Kaitlyn Booth

Review: Amy Is A Gut Wrenching Look At A Deadly Downward Spiral

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Amy_Movie_PosterTitle: Amy
Director: Asif Kapadia
Summary: The story of Amy Winehouse in her own words, featuring unseen archival footage and unheard tracks.

One of my guilty pleasures is reading gossip websites. I know that they are very silly, and often pointless, but it’s one of those things that I find endlessly entertaining for all the wrong reasons. I was in the midst of reading these websites when Amy Winehouse began her slow downward spiral. I remember her ballet shoes being made fun of or when she was on the lists of people that weren’t going to last the year. I remember being very sad for her then and very angry that people were being so glib about someone so obviously struggling. When Amy did pass away in 2011 it was only then that people started being sympathetic. I was very interested in what kind of life a person would have to have lead to end up in that kind of downward spiral.

Amy takes a very sympathetic look to one of the great voices of the generation and how her long struggle with addiction eventually took her life.

I’m a person that generally enjoys documentaries even if they are about a subject that I don’t really have that much interest in. My interest in Amy Winehouse was more a curiosity about the woman behind the music that I thought was pretty good. Amy goes back to the beginning of Amy’s life as a child and how her parents divorce affected her. There were warning signs obvious to someone like me who has struggled with depression. There were several moments throughout the film that were truly gut wrenching. The one that continues to stand out in my mind was before Amy got into hard drugs her friends tried to convince her to go to rehab, but Amy wouldn’t go unless her Dad thought she needed to go. He said she didn’t and her friends say that they think that was the missed opportunity where they could have saved her.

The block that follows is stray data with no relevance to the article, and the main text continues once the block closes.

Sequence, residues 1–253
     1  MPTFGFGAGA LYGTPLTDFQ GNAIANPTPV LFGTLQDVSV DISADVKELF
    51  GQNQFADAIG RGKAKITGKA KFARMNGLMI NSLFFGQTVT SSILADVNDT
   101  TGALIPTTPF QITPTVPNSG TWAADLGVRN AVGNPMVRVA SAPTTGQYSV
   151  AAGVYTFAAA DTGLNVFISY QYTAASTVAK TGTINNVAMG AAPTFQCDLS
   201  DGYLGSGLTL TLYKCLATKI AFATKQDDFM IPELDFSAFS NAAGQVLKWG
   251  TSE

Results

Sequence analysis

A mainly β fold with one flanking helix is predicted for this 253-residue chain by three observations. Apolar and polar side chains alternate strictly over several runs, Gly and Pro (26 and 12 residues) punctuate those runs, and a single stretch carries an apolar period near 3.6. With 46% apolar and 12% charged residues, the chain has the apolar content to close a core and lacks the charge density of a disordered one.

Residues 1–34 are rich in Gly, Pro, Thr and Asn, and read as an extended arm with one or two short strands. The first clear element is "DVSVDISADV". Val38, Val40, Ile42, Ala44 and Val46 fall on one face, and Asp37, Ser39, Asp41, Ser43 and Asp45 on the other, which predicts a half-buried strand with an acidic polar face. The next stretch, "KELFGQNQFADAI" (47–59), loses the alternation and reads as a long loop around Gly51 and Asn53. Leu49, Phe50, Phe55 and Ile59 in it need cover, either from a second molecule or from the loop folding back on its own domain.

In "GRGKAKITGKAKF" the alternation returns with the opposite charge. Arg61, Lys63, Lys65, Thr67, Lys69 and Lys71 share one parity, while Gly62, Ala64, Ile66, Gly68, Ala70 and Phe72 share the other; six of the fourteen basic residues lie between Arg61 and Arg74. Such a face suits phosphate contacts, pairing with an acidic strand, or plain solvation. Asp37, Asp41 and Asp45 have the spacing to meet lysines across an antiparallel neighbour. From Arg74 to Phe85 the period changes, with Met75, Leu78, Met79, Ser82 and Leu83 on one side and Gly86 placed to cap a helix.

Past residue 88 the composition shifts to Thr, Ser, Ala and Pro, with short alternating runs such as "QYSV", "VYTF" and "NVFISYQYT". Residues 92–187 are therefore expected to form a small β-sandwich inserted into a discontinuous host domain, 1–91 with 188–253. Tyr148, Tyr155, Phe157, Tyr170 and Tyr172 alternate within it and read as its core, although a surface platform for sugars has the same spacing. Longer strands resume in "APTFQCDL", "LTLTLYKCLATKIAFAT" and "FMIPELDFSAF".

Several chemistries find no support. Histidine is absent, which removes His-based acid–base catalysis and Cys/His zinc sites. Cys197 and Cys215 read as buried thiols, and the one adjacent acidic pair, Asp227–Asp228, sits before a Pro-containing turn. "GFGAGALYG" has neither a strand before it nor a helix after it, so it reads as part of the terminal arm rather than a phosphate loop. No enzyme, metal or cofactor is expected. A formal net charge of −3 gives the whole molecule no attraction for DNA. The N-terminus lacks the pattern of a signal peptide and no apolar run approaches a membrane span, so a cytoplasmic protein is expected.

The people around her didn’t really help, and Amy herself was self-aware enough to know that she couldn’t handle major fame. Amy heavily implies that if she hadn’t achieved the success she did then perhaps she wouldn’t have died. The movie relies a lot on various people talking over footage. Since this happened in the modern age there is a lot more footage than in older documentaries of people. It was also this use of technology that ultimately lead to the most toxic thing in Amy’s life; the media. The various outlets completely tore her apart for her addiction problems and even made comments about her bulimia. Amy makes sure that we are accurately aware of how much this impacted her downward spiral.

When I first saw the running time I wasn’t sure if I wanted to watch over two hours of a documentary about an artist I was only tangentially interested in. While I enjoyed Amy a lot more than I thought I would say that the running time still felt a little long. The entire enterprise is extremely well put together and director Asif Kapadia obviously had a lot of respect Amy.

Amy paints a very real and sometimes hard to watch downward spiral of a great, young artist. This is a very sad film but one that goes out of its way to show Amy for what she really was; a victim of substance abuse who lost a lifetime battle.

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